The Liberator from Boston, Massachusetts on December 6, 1834 · Page 2
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The Liberator from Boston, Massachusetts · Page 2

Boston, Massachusetts
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Saturday, December 6, 1834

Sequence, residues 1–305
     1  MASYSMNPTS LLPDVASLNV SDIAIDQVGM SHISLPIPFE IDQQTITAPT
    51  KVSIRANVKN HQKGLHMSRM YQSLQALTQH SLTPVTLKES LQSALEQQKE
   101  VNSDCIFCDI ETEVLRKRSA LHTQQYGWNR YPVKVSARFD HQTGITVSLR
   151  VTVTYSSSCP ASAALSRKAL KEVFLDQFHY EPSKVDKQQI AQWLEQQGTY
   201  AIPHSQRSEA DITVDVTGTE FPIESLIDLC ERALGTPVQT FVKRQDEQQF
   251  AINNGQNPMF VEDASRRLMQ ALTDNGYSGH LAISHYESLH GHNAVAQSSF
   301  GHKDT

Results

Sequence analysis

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-4 ; f m 194 THE LIBERATOR. m ? Ifj-.I m i r i- I; i'f li:' il., 2 COMMUNICATIONS. MR. THOMPSON AT PLYMOUTH, N. H. - Pltnovth, N. II. Nov. 1?, 133-1. Dear Gaiuus"! VV were highly animated Thursday the 13th, at a stage arrival in oar tittle village, bearing tho ' honored freight Messrs. Thomo, Grosvf.sor and PiiELrs, fresh from the feld of Convention at Concord. ' To see Georje Thompson here ajrton us, at some period of his beneficent sojourn, we li31 fondly hoped, from the momcut you announced to us his intended embarkation from England. But to greet him so soon after hi landing, and tolicarhiinsjeak, within our own walls, while his locks were yet wet with the dews of New-York hospitality, waj a favor1 we had not anticipated. What a d.iiratc and discerning taste, by the way, this despotic New-York tavern-keeper roust have, and this monocracy of pars In general, to rent their fine courtesies upon a ubject like him ! Who that bthdd George Thompson merely, could imagine that tbore existed a brutality, even in New-York, bmtal enough to d him harm or show him nnkindnens 1 Burns tells of a Scottish lass, thai the ' very dc'il could not look in the face hut he would cry out l cauna wrang thee.' Our moboeracy might take lessons in civility and humanity of the hard's de'il,' as I fear they have taken, of a spirit having other existence than in the imagination of profane poetry. 1 really wondered, as I gaied on the elegant and interesting stranger, that a tavern-keeper could be found in all the hog-trarerstd streets of our republican Bahj Ion, ef a civility so tvimsh as to.lurn him from his door, even were il to humor the sovereign and awful caprice r a man-jockey from the south ! His wife and little children, too, routed of the poor home that a tavern could yield them in a strange land, the first night, 1 believe, of their respite from the tossing tea! Shame ou you, most magnanimous intrtiolder ! and shame ou the public, ikal will countenance the impudent brutality '- Dut I set out to give you a slight account of our anti-slavery ccasion, and the addresses of our no-ble friend to tho good people of Grafton County. It was a capital occasion. A court session had lrawn together the flower of the sliire. Our fiue, intellectual bar, that will rank in talent and honorable character with any in New-England ; our jury pannels, the prime of the yeomanry of a temperance community ; these, with a considerable amount of merit and eminence ejr officio, and the other following of a county assize, making up a pretty full representation of our local public, afforded grand materials for an anti-slavery auditory. Then we had ome distinguished talent from out the county. Our ample court house, condescendingly opened to us in the evening, was filled at first ray of candle. A fair proportion or ladies graced the attendance, the clergy from this and other surrounding towns, and, to add dignity aud imprest to the meeting, gentlemen advanced somewhat iu life, of high judicial station in better limes than llieso. now retired. came several miles., in the air of a November evening, to countenance the occasion and bear the advocate of the Negro gentlemen who, though not professedly abohtinnMs, and not altogether-ready perhaps to allow the colored man hit right, if it were thought immediately practicable, yet fr.r alvnve the vulgar prejudice aainst him that infects our ordinary great, and too sagacious to trifle with the black man' plea. The auditory was, on the whole, one of the fine that could be gathered, and numbered several hundreds. 'I'he Hon. S. P. Webster was prevailed on to incur tho hazards of the chair. The meeting was epened by prayer from the Rer. Mr. Grosvenor our own beloved minister being called for, but not having reached the meeting, j A Symn followed appropriate words, set to musie ty an ingenious abolition neighbor, v. ho led the sing- ' lug. Bro. Phelps then offered the following resolution if I can remember accurately, through the splendid discussion that followed That Immediate and Entire Emancipation is the only righteous, efficient, safe or practicable remedy for American slavery ; and thai it was the solemn fluty of every Amencan citizen to address himself forthwith to its consummation. ly every christian means. lie s-.istained the resolution in a series of pertinent and forcible remarks for fifteen or twenty minutes ; though evidently, lo us who knew him, with restrained pewcrs. He was succeeded by Mr. Grosvenor, who spoke about , thesame lime ; and though manifestly with intent mainly to pave.the way for what was to orae after, he rose lo high and affecting strains of eloquence. He was especially happy in a comparison of the trifling causes which employed the zeal and talents of counsel in that Seal of Justice, with the unutterable wrongs of two millions and a half of clients, in whose behalf he pleaded, lint be forbore, he said, lo lake the lime bclongiog lo his giued friend, who was to follow him. for whom he hoped the candid-hearing of the auditors, as he was sure he would have their hearts. Gcorse Thompson rose before the hushed assem bly. They did not cheer lum it is not their habit and if it had been, they had no such welcome for I the advocate, of the despised Negro. We have wronged the colored man too long and too deeply to readily forgive him, or to regard with complacency the man who ventures to take up his cause. Had the orator risen for tho Polander or the Greek, or in behalf of any honorable ami classical suffering, the walls would have rung with enthusiastic acclamation; but it is otherwise, toward the advocate of the poor, the despised, the injured, the scorned, and him that had none to help him. The multitude regarded him in deep silence. Slowly, solemnly, and with wonderful expression, he summoned them to the momentous importance of the subject on which lie was enteritis, and challenged the mention of any that could hold comparison with it, as it boie on the interests of man or the weal of this nation. Atter a brief preliminary, he bore away into a stream of argument and ehiqiienl appeal to whi-n I had witnessed no parallel, and of which 1 can attempt no account. For an hoof it may be two hours I could form no estimate of the time by its lapse-he held the surprised aud reluctant assembly in breathless attention. I do not conjecture their emotions or convictions. There were no plaudits bo more than at the defence before Agrippa, or the reasonings before Felix. To some the orator may wave seemed beside himself' mad ' with much learning.' 0;hers may have ' almost been persuaded. I r .41101 tielnil his aigumenls, or give any the faimM.t idea of his impression. I have a daz zling impression on my memory of a portraiture of American slavery terribly graphic an exposi lion of the Levilieal Law, in its bearings on ancient erviiude and on modern slavery one which,! think, will forever deter all who heard it, from ven turing thither foe warrant or apology for the infamous system of American slaveholding : of ; fiance at Abraham and his household, marching to ihe slsmgh'er of the Lin a train little enough re- semMmg a e""g f sullen. h-vy-f.nted negroes, graded to the rice Warm, and sii!l less a eoflle of chained men moving through Fieedom's capital, at the sound of her national music, to a more dismn bondage io the far sooih. St. Paul's recapture and remanding of the fugitive OncMmus, was illustrated by a roramcntarv that will effectually warn all our eripMtre-mng,M. who go about vindicating this slavery (which they hate worse than the abolitionists) from the bible, nsainsl ftiotipg again from the episde to Phi!-nM ! The titter impracticability of grdiil or partial emancipation. the danger of indulging the eaotive wilb a lengiliened chain, while you bold bim still bound. ihe folly of attempting a lingering release of him from his thraldom, link by link, and the danger of immediate emancipation, be portrayed. Front the two million and a half of batchers who would be let loose ' upon the defenceless while fSrfUcs, by immediate aho'ition, he begged leave to make some detachments. First, he egged lo detach all the infancy. This would hardly add to the force of an insurrection. Then ail the childhood, below the years tail enough to reach a throat lo cut it j then ihe decrcpid age, whose vigor had long been exhausted in slavery' toil,' and which even emancipation could not recall ; the mothers rejoicing in their children theirs at last beyond the reach of iho auctioneer and the kidnapper ; the countless band of sable youth And beauty, with modesty sacrificed and affections offered n- on the altar of the white man's shame; then the sick a host at ail times under the 'tender mercies ' of the system ; the christians ' resisting not evil ' much less rising upon benefactor ; and last and least too the favorite slaves the 4 kindly treated.' All these he would detach, and be thankful for ; and against the revengeful gratitude of the residue, he commended the defenceless master to the strong arm of the law, lo justice and lo God. Oh, for the pen of a ready writer, to have CMight his glorious refutation of the impious slander that the black man was infv-iior in native capacity to his oppressor! his burning reprehension of our demauding fruit from the tree to which we'denied the fertility of the earth, the dew, the shower, and the sunshine consigning it to darkucss and sterility, and then scornfully demanding of it foliage and fruits ! I doubt if the stenographer could have availed himself of his art to arrest his enchanting exclamations ' tbey could be felt, hut could not be followed.' I cannot speak of his reading and comments of the Iviii. of Isaiah. Every christian ought to have come to the field upon it, as at the sound of a trumpet. He cried aloud, and he did not spare. . He spoke of the south and the slaveholder in terms of cbristiau affectiondeclared himself a brother lo Ihe slave-master a fellow sinner under like condemnation with him, but for the grace of God of the country its history, its great names, its blood-bought privileges, and its blood-cemented union be spoke with thrilling sad overpowering admiration lamenting the stain of slavery upon our otherwise glorious renown. Much as I was captivated with his oratory and force, it was the sweet spirit of the christian that woo most my admiration and affection, it was the spirit of the ' beloved disciple ' aud he comes into this guilty land not ' to spy out its nakedness ' or abundance, or to regard our boasted politics ; but in obedience to that solemn command, ' Go ye into all nations ; ' and to the ' Lo, I am with you,' we commit him, for protection against the violence of our multitudes and the councils of our chief priests and pharisees. After he had closed, the resolution was put to the meeting for their adoption. It was read by the chairman with a feeling somewhat below the fervor ef the speaker. Slill.a very goodly number of bands were raised iu its support, and ouly three were seen to go up in answer to the call for opposition. 77iree hands ! and these were of gentlemen scholars bred to the generous pursuits of learning ! Before the addresses, scarcely three, beside the few professed abolitionists, would have risen in favor of the doctrines of the resolution. The assembly dispersed quietly and with the utmost decorum, after prayer by our beloved pastor. Many abolitionists were confirmed, and many, I have no doubt, made at the meeting. The addresses were spoken of with universal admiration the cause opposed with moderated and respectful toue. The result will be most hippy for the cause. I have only to say that our brethren might ecme among us again.- Another such hearing would assemble thousands and thousands may assemble in Grafton County without danger of mobs. We have enough ol honorable character among the opposition to hold-' our uiobocracy iu respectful check. I hope they will visit us again early. This County is an important section of ihe State. The temperance cause received some of its earliest aud most powerful impulses here, and ' good temperance ground is good abolition ground.' In haste, my dear sir, too much to retrench my long and crude letter, 1 remain, truly and affectionately, yours, N. P. ROGERS. ILr" Mr. Rogers is an able lawyer and an enlightened Christian. Co. Lib. MR. THOMPSON AT PAWTUCKET, R. I. Pawtccket, Nov. 28, 1834. Mr. Garrison : Mr. Thompson has made a powerful, happy, and, I trust, lasting impression iu favor of the cause of emancipation in the city of Providence. In the providence of God, I was prevented hearing him ; but the tree is known by the fruit, and of that I can say it is good and abundant. Whatever of prejudice might have been entertained by any of his audience against him personalis', was vanquished forthwith, and lost in a conviction of his disinterested love to God and man, and his honesty of purpose ; and that in his mission and labors, he is moved by the invincib! agency of Christian philanthropy. lie said that 4 he was accused of being a foreigner, but that could not be his fault, for he was not con sulted respecting the place of his birth ; had he been, he might have chosen to have been born in the good citv of Providence.' Of his eloquence, I have heard but one sentiment expressed, viz. that it is of the very first order. An acquaintance of mine, a political editor, said, that he did not hesitate to pronounce him the most eloquent speaker he had ever heard. Nor were his hearers merely delighted and entertained with his fasci nating powers of oratory : his arguments seemed to carry all by the board, and I have reason to believe made a multitude of con verts. Yesterday we had the unspeakable satisfaction of welcoming Mr. Thorfipson to our village, and of hearing him address a large and attentive audience in the first Baptist meeting-house. He was extremely inter esting, although it was said, by those who had previously heard him, that it was far from being one ot his most happy efforts. He said that he did not speak easy at all. This difficulty, I think, may partly be attributed to the house not being the most happily constructed for ea?y speaking, especially for a stranger, and partly to the unhappy time of day which we fixed upon for the commence ment, which circumscribed him in respect to tune, aud imut have been peculiarly embarrassing. The audience, however, so far as I am informed, were highly gratified, and the unanimous desire .expressed is to hear him again. Mr. Thompson was literally thronged with company at his lodgings, at the house of our .riend, Mr. William Adams, who were no less instructed than delighted with his most agreeable demeanor, and appropriate and pertinent conversation. I thank God for such a laborer in the cause My dear Brother, what hath God wrought! S.une four years ago, you were almost alone in your labors in this cause in New-England : now a host have been raised up in the length and breadth of the whole land, who htya joined the holy standard; and, in addition to this, brethren from beyond he seas fly to our aid, helping onward the invincible cause with their prayers, untiring; toil, and eloquence almost commensurate with the merits of the cause they so dearly love. Generations yet unborn shall rise up to call StcaRT and Thompson, with the American I'Jiilanthro-pi-jts who have jeopardised their earthly all in the cause of abolition ; I say, they 6hall rise up, and call them blessed. One circumstance transpired yesterday, which was, to me, as I trust it was to all who witnessed it, most solemnly aSecting and impressive, which I must not omit mentioning;. After we had been a few moments seated in the pulpit, I perceived that some one was endeavoring to gain, although with extreme difficulty, the ascendancy of the pul pit stairs ; and on opening the door, who do you think it was found to be ? A mobocrat, ready' to seize on Mr.- Thompson, tear him from the house, and tar and feather him? Nay; it was the venerable Moses Brows, at the advanced age of 97, pressing forward, as if sent by God to place himself on the platform by the side of his trans-atlantic brother, not only to hear from his lips the doctrines which he himself has so long advocated, and reduced to practice in his- life, but also to sanction, by his patriarchal and venerable presence, the cause of philanthropy in which he was engaged ! We hope soon to be blessed with another visit from Mr. Thompson. , Youtjs sincerely, RAY POTTER. For the Liberator. MR. THOMPSON AT LOWELL. Mr. Garrisos A brief and hasty sketch is all I can now send you of occurrences in our good little town of Lowell, during the visit of our invaluable friend Thompson, fie came among us on invitation, to give lectures on Sabbath, Monday and Tuesday evenings of the present week. We had obtained permission of the Selectmen to occupy for the purpose the Town Hall, a room in which town meetings are held, and the use of which is usually granted, on any respectful application, for any object which is not unlawful or manifestly immoral. On Sabbath evening, Mr. Thompson gave a splendid lectuie, in which he entirely swept away the pretended support ef slavery from the bible. The audience was large, and listened with delight till a late hour. They suffered no. interruption, except the throwing of a large stone at a window, which was arrested by the sash aad fell harmless on the outside. Notice was given en Sabbath evening, that the lecture on Monday evening would commence at 8 o'clock ; and that we would meet for discussion at half past 6 ; Mr. Thompson extendin g a most respectful and friendly invitation to all who had objections to our principles or measures, to be present and state them and to all who had inquiries, to propound them. On Monday, our Board of Managers sent special messages, of the same purport, to gentlemen who had taken an active part in public against the formation of our Society last winter. They declined the invitation unanimously, and we had not a single objector or inquirer at the meeting, except abolitionists. This was much regretted ; for anti-slavery men are anxious to have the whole subject thoroughly sifted, and every argument brought against them fairly examined, in the hearing of the people. However, we managed to have some of f,he most formid able objections stated, and our friend entertained the assembly by refuting them, one after another, in the most lively and entertaining manner. Then followed a lecture of nearly two- hours length, on the history of St. Domingo that history which on so many minds is a spectre to warn them against the liberation of slaves ; but which, when truly narrated, is so triumphant an example of the perfect safety of immediate emancipation, even in circumstances as unpromising as can possibly be conceived. Very few left the hall till the lecture was ended, notwithstanding its length ai.d some untoward events now lo be mentioned. In the early part of the lecture, a small company of low fellows disturbed the assembly just without the door, in the entry at the head of the stairs, by-loud stamping, vociferation and hisses. This was continued at intervals for near half an hour, when peace-officers, V4 ho had been sent for, arrived, and immediately the disturbers were quiet as lambs-, and continued so till the close. Some lime aftrr, three missiles were thrown at the building behind the speaker. The third or last, a large brickbat, came through the window, passed near the speakers head and fell harmless before the audience in front of the rostrum. This missile must have been thrown with great force, to pass into ihe second story of a high- posted bu:khng, and fly so Tar from the wall. A slight change of its direction would ha ve silenced lb.e eloquence of our friend forever, except that the barbarity of the deed would have given what he had already said in behalf of ihe oppressed a more glorious immortality. Praised be the Arbiter of life, that he yet survives to plead for the outcasts. Nothing daunted, be spoke some time aflcf this, and the meeting closed in peace. Dut the elements of turbulence and confusion had but begun to move. Yesterday, we heard of little but ' wars and rumors of wars ' much that was rumor only ; but too much that was real, for the honor of Lowell or of New-England. The most sagacious never seriously apprehended greater disturbance on the ensuing evening. Our board of managers met early in the afternoon, who unanimously and calmly resolved to claim the protection of the Selectmen, and to proceed with the meeting. The Selectmen, like true guardians of the public welfare, had been on the alert during the day. They received our application in a very gentlemanly manner, and promised us protection to the extcat of their authority. The lime arrived. With Mr. Thompson, we met the Selectmen in their room adjacent to the Hall. The night was exceedingly dark ; the building was approachable ou all sides ; and not a window had a blind or a shutter, except that behind the speaker, which had a temporary barrier on the inside, which remains to-day a disgraceful monument of the infuriate temper of some men in Lowell. The Selectmen still pledged us all the aid they could render; bat doubted whether it were practicable, with the preparations which time permitted, ta save the assembly from violence through the windows from without. Under these circumstances, we fell it an act of discretion aud humanity, without any sacrifice of principle, to adjourn the meeting lo 2 o'clock this afternoon at the same pUcti. This was done, and no further violence occured. Mr. Thompson is now giving his concluding let lure ou the practical part I Ihe subject, and I have stolen away to write lest I should -be loo late. The mal-conients were not satisfied lo retire borne after our adjournment last evening. They re-opened the Hall, and held a sort of mohocratie caucus, though remarkably still and orderlv for one of that kind. They passed, and have to-day published, resolutions, ' deeply deploring the existence of slavery ' most sincerely, no doubt and saving that ibe agitation of the subject here is tety bad that the To wo Hall ought not to be used for the purpose and communicating this wise opinion to the Selectmen. Those oSkers, however, hare stpod firm to their duty to-day. The meeting is closed, and my letter must go.. I cannot, however, forbear to say, that the handbills and other menaces of yesterday did us much good. Many, who are not friendly lo our principles, said, ' This is no question of abolition but whether law and order shall prevail in Lowell, or whether mobs shall rule.' Tbey besought us to proceed, aud were ready to render us every assistance in their power. The ocenrrences of the week will do much for the cause of truth and liberty in our town and you may tell the whole country that abolition in Lowell is neither dead nor wounded. Yours truly, A. RAND. , Wednesday, Dec..3. BENEZET, WOOLMAN, AND SCOTT. ' fX5 Wc are much obliged to our estimable female friend for the following pertinent quotations : Ux bridge, I lth mo. 25th, 1634. Much respected friend Jfflliam lAoyd Car-, rison : I hope thou wilt excuse me for troubling thee with a few lines at this time, the reason of which is, to introduce to thy notice a few extracts from the writings of several of the members of the Society of Friends, on the very important subject of slavery. I have thought they might be useful, at least to some of the members of our Society in the present day, when so much stupidity and in difference is apparent in too many amongst us; notwithstanding which, I do believe the cause wiil prosper, because it is of "IIim who holds the ensign of worlds, and wields" the sceptre of hi3 power over kings of the earth; at whose nod, nations are made to tremble, and mighty kingdoms to fall ! whom myriads of Christians surround, and hosts of angels in silent astonishment stand and adore." Taking this view of the subject, there is encouragement to persevere in the great and important work thou hast embarked in. Though all the powers of darkness combine against thee, they cannot prevail their power is limited. I have often thought of thee, since we, in this vicinity, have engaged a little in the same cause. O, it seems to me that thou must have been abundantly supported and preserved by best wisdom, or thou wouldst have long since been discouraged, the force of opposition is so great, were I to judge from the little I have seen and heard. I have been led to believe there is no hope but in that Almighty arm, which is both able and willing to help all those who put their trust in Him. I shall first present thee with an extract of a letter from Ajtthont Bkmezet to the Archbishop of Canterbury, in the year 1758. " With the best respects I am capable of, and from, I trust, no other motive than that of love to mankind ; and from a persuasion of thy sincere desires for the suppression of evil, and the promotion of righteousness, which alone exalteth a nation ; I make bold affectionately to salute thee, and to request a little of thy attention to a subject which has long been a matter of deep concern to many, vast many, well-disposed people of all denominations ia these parts, viz., that of the negro trade the purchase and bringirg the poor negroes from their native land, and subjecting them to a state of perpetual bondage, the most cruel and oppressive, in which the English nation is so deeply, engaged, and which with additional sorrow we observe to be greatly increasing in their northern colonies, and likely still more to increase. I herewith send thee some treatises lately published here on that subject, wherein are truly set forth the great inhumanity and wickedness which thi3 trade gives - life to, j whereby hundreds of thousands of our fellow creatures, equally with us the objects of Christ's redeeming grace, and as free as we are by nature, are kept under the worst of ; oppression, and many of them yearly breughf to a miserable and untimely end I make bold earnestly to entreat, that thou wouldst be pleased seriously to read them, when I doubt not thou wilt perceive it to be a matter which calls for the most deep consideration of all who are concerned for the civil, as well as religious welfare of their country, and who are desirous to avert those judgments, which evils of such a dye must necessarily sooner or later bring upon every peo-i pie who are defiled therewith, and will, I trust, plead my excuse for the freedom I take in thus addressing myself to thee. How an evil of so deep a dye has so long, not only passed unnoticed, but has even had the countenance of the government and been supported by law, is surprising; it must be because many worthy men in power, both of the laity and clergy, have been unacquainted with the horrible wickedness with which the trade is carried on, the corrupt motives which give life to it, and the groans, the numberless dying groans, which daily ascend to God, the common father of mankind, from the broken hearts of those our deeply oppressed fellow creatures." Now, friend Garrison, I submit this extract entirely to thy disposal ; the reason of my wishing it inserted in thy valuable paper was, that somi of the members of our society might be benefitted thereby. The next is from Joint Woolmas's ac-! count of hi3 travels in tb slave States. He says: I saw in these southern provinces, so many vices and corruptions, increased bv this trade and this w,v of life that it appear-J ed to me as a gloom over the land: and though now many willingly run into it, ye; in future, the consequence will be grievous to posterity. I express it as it hath appeared to me, not at once or twice, but as a matter fixed on my mind. From one age to another, the gloom grows thicker and darker, till error gets established lj general opinions. Negroes are our fellow creatures, and their present condition amongst us requires our most serious consideration. -We know not the time when those scales in which mountains are weighed, miy turn ; the Parent of mankind is gracious ; his care is over a!l his smallest creaturrg; and a multitude of men escape not his notice. And though many of them are trodden down and despised, yet he remembereth them : he seeth their afflictions, and lookcth upon the spreading increasing exaltation of the oppressor. He turns the channels of power, and gives deliverance to the oppressed, at such periods as are consistent with his infinite justice and goodness. : I shall not trouble thee with but one extract more, and that from Job Scott's jour nal, taken from the account of his visit in the southern States. He says ' The meeting for sufferings was also favored. It appears the members thereof had been, and with some success, engaged in the rights of the injured Africans, at which my soul rejoiced ; for many of them groan in cruel bondage in this land. But I believe the Lord will mors and more arise for their deliverance, alid work their emancipation ; and that through judgments poured out upon their oppressors, if the hard hearts of those who make them groan, are not sof tened by milder means. page 19c. This will serve to show that the concerned part of the Society of Friends speak the samer language in regard to the dreadful sin of slavery, as that ef other denominations of Christians every where, the world over. BAD ENOUGH AT BEST. Mr. Editor: In perusing the last number of the Liberator, I noticed on 2nd page, 3d column, an article entitled 4 Colored People of Boston,' in which was drawn rather a worse picture in regard to this class of people, as respects trades,' than cught to be, as the best is bad enovglu It is true, the wants of this people are many and great ; and too true to be denied, many have suffered, and still are suffering, for want of employment, and the necessary comforts of life. It is stated in the article, 'this great city has only tico colored mechanics one a blacksmith in Cambridge-st and another a shoemaker in Brattle-sL I can say, with the utmost confidence, that there is in this city a number of tradesmen among us, who meet with very little or no encouragement. Experience has taught me, that a 'dark stain of brow ' renders it very difficult for us to o-ain access even to the meanest manufactur-ing liouse. After I served an apprenticeship at the shoemaking business, I came to this city with a good recommendation, in search of a place ; I applied at several shoe Btores for employment, showing my recommendation, but was refused, I suppose, merely on account of that well known crime viz. of having a, dark skin. Hundreds of mechanics, in this city and vicinity, are denied an access to employment, for the very same crime. So cruel are the prejudices against color, that in almost every instance where we have been ia employment, many a deceiver and hypocrite, in the garb of a friend, will use every effort to seek our ruin. Among the different kinds of mechanics in this city, I can for a certainty mention the following, colored : blacksmiths, 5 ; carpenters, 2 ; gold and silversmiths, 1 ; tailors, 8 ; shoemakers, 4 ; besides a number of various other tradesmen, viz. brickmakers, brush-makers, ropemakers, coopers, ship-carpenters, masons, &.C., who would, if any encouragement was offered, gladly embrace the opportunity of working at their trades. Among the females, there are more than 8 tailoresses, who constantly work at their trades, and many more who would, if encouraged. Milliners and dressmakers, 4; and as many apprentices. I never have learnt the exact number of colored tradesmen in this city ; but, however, I think my friend has estimated the number 50 or GO per cent less than the real valne. We indeed need the sympathies of the Boston people : and do cherish the hope, that ere long, there will be so much sympathy manifested, that we shall have as good a chance to learn, and work at all kinds of trades, as if we were not guilty of that heinous crime. Some such sympathy as this would greatly encourage us, advertisement or application for colored apprentices and journeymen for clerks traders, Sic. Is not our condition truly bad enough at best? Are not our dearest rights taken from us ? Are wc not stigmatized and ridiculed in the most shameful manner? Are we not considered by some, very much inferior, and, too, by those .who call themselves Christians ? Are there not in the churches, places erected in the most remote corners, for the colored man to worship ? Do not even the drunkard, the thief, the robber, and the murderer, refuse to ride in the stage with the most decent and respectable colored man ? Do not these foul fiends of right and equity point a finger of scorn ? Is not the most atrocious villain, if he wears a fair skin, considered in the eyes of the community a gentleman to the most honest colored man ? All this is the effect of Prejudice. B. F. R. J'ovember, 1834. THE NATIONAL COMPACT. Mr. Editor, Your last paper contains a communication headed 'Political Action,' and dated Portland, Nov. 17, in which the writer alludes to an article of mine, in a previous number of the Liberator, as follows: 'Your correspondent is wrong. The existence of slavery is not approved or encouraged by our Constitution. Peradventure, Mr. Editor, your Portland correspondent is rin-ht. and mvsplf r.f .nneo ' uenc wron!r. i make no tension tr e u k v. . i - . ... nfaJlib'1'ty. al degree of skill or tnowieage, especially in relatiori to mat t ters of this nature. By the way, however, if 1 recollect aright, fas I am not just now in possession of the article alluded to,) the term' Constitution was not employed in the obnoxious communication. It was affirmed, that many individuals object to the principles and movements of abolitionists, on the alleged ground of their disorganizing tendency or the alleged ground of their "tendency to subvert the federal compact and such a compact was recognized, to the everlasting disgrace of this vaunted and otherwise free and independent land. Now, Mr'. Editor, I wish simply to ask Is it not a fact, that on the adoption of our Constitution, a compact was endorsed both by the free and slave states ? Was it not a compact directly subversive of that patriotic Declaration, which says that all men are created equal, etc. ? Was it not a compact instituted at the expense, yea, the sacrifice of the. temporal and eternal welfare of our colored brethren? And are we not," even at this enlightened period, pledged by the so- lemnity and sacredness of this confederacy, to resist on the part of the enslaved the assertion of their just and inalienable rights, and the desire of the redress of their paat and present grievances, aad rescue our southern brethren in the issue of sanguinary insurrection? In fine, are we not ol-emnly -and sacredly pledged to perpetuate, by virtue of this compact, the combined horrors and atrocities of American alrrcry A CONSTANT READER. W-altham, Nor. 13, 1834". Mr. Garriso: Dear Sir Supposing a slave make escape from his master, and comes to Wal-tham, and I assist him in getting still farther from his master, so that he finally gets ta Canada, or any where else "beyond his mas. ter's reach ; can that master recover, at law, the amount of the slave from roe, provided I am worth it? i. e. have I, or have I not, lawful right to assist a runaway slave to retain his freedom ? An answer to this enquiry, either by letter directed to D. M. G. of Waltham, or in the next week's Liberator, will be received as a favor by a friend of all humanity. SATURDAY, DECEMBER 6, 1834. AFRICAN REPOSITORY versus JAMES G. BIRNEY. No. II. Mr. Birney says, that while he was acting as agent of the Society, he thought ' that, by the union of benevolence and selfishness, the co-operation of the whole South might be secured' but, ho expressively adds, I unhesitatingly declare, that the total incongruity of these two principles did not strike my mind as it has done, since I witnessed their dissociable and mutually destructive energy.' We are shocked by the remarks of the reviewer upon this passage. He says, in jus tificatio'n of selfish appeals ' The minister of our holy icligion, tiot rontent wiih urging its high sanetions as a revelation froa the Almighty, announcing Ilis will, and deinaadiBf the obedience of His creatures, hahitoally enforce the consideration, that man's temporal happiness is West subserved l.y his conformity with the rule oflife which that revelation prescribes.' But is this an appeal to the selfishness of men, in the common acceptation' of that term ? - No exactly the reverse ! Let ua look at Walker's definitions : ', a. Attentive only to one's oa interest, rot'd of regard for others. ' Selfishness, s. Attention to his owa interest, without any regard to others ; self-love. ' Selfishly, ad. With regard only lo his owa interest, without love of others.' , Now, dare this reviewer affirm, that the ministers of our holy religion, according to the foregoing definitions, always or ever hold language liko this to sinners? 'As you would be selfish, void of regard for others; as you would enlarge your selfishness, and be attentive only to your oum interest; at you would act selfishly in all your dealings, without love of others; then embrace the gospel ! ! ' No this is ' the doctrine of devils, not of christian minister. The command is, ' Thou shalt love the Lord thy God with all thy heart, soul, mind, and strength; and thy neighbor as thtsslf.' If there be any selfishness in this, then language is too ductile and deceitful either for instruction or reproof; and. certainly this is the strongest appeal that we are allowed to make to the self-interest of the sinner. If he would become a christian, he is admonished thus Love not "the Vorld, neither the things that are in the world' 'He that loveth father or . mother more than me, is not worthy of me ' Ye 6hall be hated of all men for my name's sake 't- All that will live godly in Christ Jesus shall suffer persecution.' It is true, this consolation is given to him 'If we be dead with him, Christ, we shall also live with him: if we suffer, we shall also reign with him ''Godliness is profitable unto all things, having promise of the lift that now is, and of that which is to corns' To the true believer, there is nothing paradoxical or selfish in these declarations-nothing contradictory in this language of the apostle: 'As deceivers, and yet true; ai unknown, and yet well known; as dying, and behold, we live.' Nor in this of Dr. Young: V ' ' How poor, how rich, how abject, how august. How eomplieate, how wonderful is mas ! A n heir of glory ! a frail child of dost ! f Helpless immortal ! insect infinite ! A worm ! a god ! ' Mr. Birney says ' A auxiliary to the impnlses of benevolent T calculated upen the selfish advantages to the Soath .... by the union of benevolence and telfishnss .... I C5HEitatihoi.T T F.CLARE, that the total imcf-gncity of these tico principles did WOT STRIKE stj mind, as it has done, since I witnessed their dissociable, and mutually destructive energy.. ,- To which his reverend reviewer contemptuously adds : ' Now. we submit, that it is by no mesas wonderful that this imputed incongruity did not strike If Biroev'n mind sooner. Ths wonder is. that it struck his mind at all, or the mind of any man Of course, this is to affirm, that there is perfect, congruity and reciprocity of actiont between benevolence and selfishness ! between? light and darkness! between generosity and' avarice! between -Christ and Belial! Th is genuine colonization theology. But mark the cunning of the reviewer, as he proceeds ; ' Reflecting persons have generally snpnaseti iha' a plan may be based on tho strongest foundations e' duty, and be animated bv the most enlarged-nrinei-. pies of philanthropy, am) yet promise advantage on the score of indii-iduat'interests, which ita aJ. cate would be not only justifiable for pressing, be inexcusabJo for omitting. Again: , The minister of or holy religion . . .'. habitually enforce the consideration, that man's temporal hf piness is best subserved by bis conformity wits Ik rule of life ttc. &.e, And this' is a refutation of Mr. Birnej' theory ! and this is the evidence that there is no incongruity 'in the anion of benevolent and selfishness ' Now, why does the re- viewer thus alter his phraseology ? why, but to blow dnst into the eyes of his reader! bf a cloud. of words ? Why does he say!' promise advantages, on the score of ittmSm'd-vol inlcrtstsf instead f or the- eeere ef